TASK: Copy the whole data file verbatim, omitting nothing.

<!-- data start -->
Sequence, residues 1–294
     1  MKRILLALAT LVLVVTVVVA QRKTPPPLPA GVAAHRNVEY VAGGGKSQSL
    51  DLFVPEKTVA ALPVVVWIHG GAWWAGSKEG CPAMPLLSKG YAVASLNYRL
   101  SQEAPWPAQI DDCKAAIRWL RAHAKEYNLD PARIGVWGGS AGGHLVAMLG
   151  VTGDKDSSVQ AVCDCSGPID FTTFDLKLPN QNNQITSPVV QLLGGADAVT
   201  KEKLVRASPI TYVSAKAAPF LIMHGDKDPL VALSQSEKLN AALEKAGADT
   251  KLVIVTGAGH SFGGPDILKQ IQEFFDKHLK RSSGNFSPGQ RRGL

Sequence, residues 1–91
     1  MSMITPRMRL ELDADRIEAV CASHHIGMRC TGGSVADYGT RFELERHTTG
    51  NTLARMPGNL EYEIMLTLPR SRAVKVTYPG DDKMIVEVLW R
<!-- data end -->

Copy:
Sequence, residues 1–294
     1  MKRILLALAT LVLVVTVVVA QRKTPPPLPA GVAAHRNVEY VAGGGKSQSL
    51  DLFVPEKTVA ALPVVVWIHG GAWWAGSKEG CPAMPLLSKG YAVASLNYRL
   101  SQEAPWPAQI DDCKAAIRWL RAHAKEYNLD PARIGVWGGS AGGHLVAMLG
   151  VTGDKDSSVQ AVCDCSGPID FTTFDLKLPN QNNQITSPVV QLLGGADAVT
   201  KEKLVRASPI TYVSAKAAPF LIMHGDKDPL VALSQSEKLN AALEKAGADT
   251  KLVIVTGAGH SFGGPDILKQ IQEFFDKHLK RSSGNFSPGQ RRGL

Sequence, residues 1–91
     1  MSMITPRMRL ELDADRIEAV CASHHIGMRC TGGSVADYGT RFELERHTTG
    51  NTLARMPGNL EYEIMLTLPR SRAVKVTYPG DDKMIVEVLW R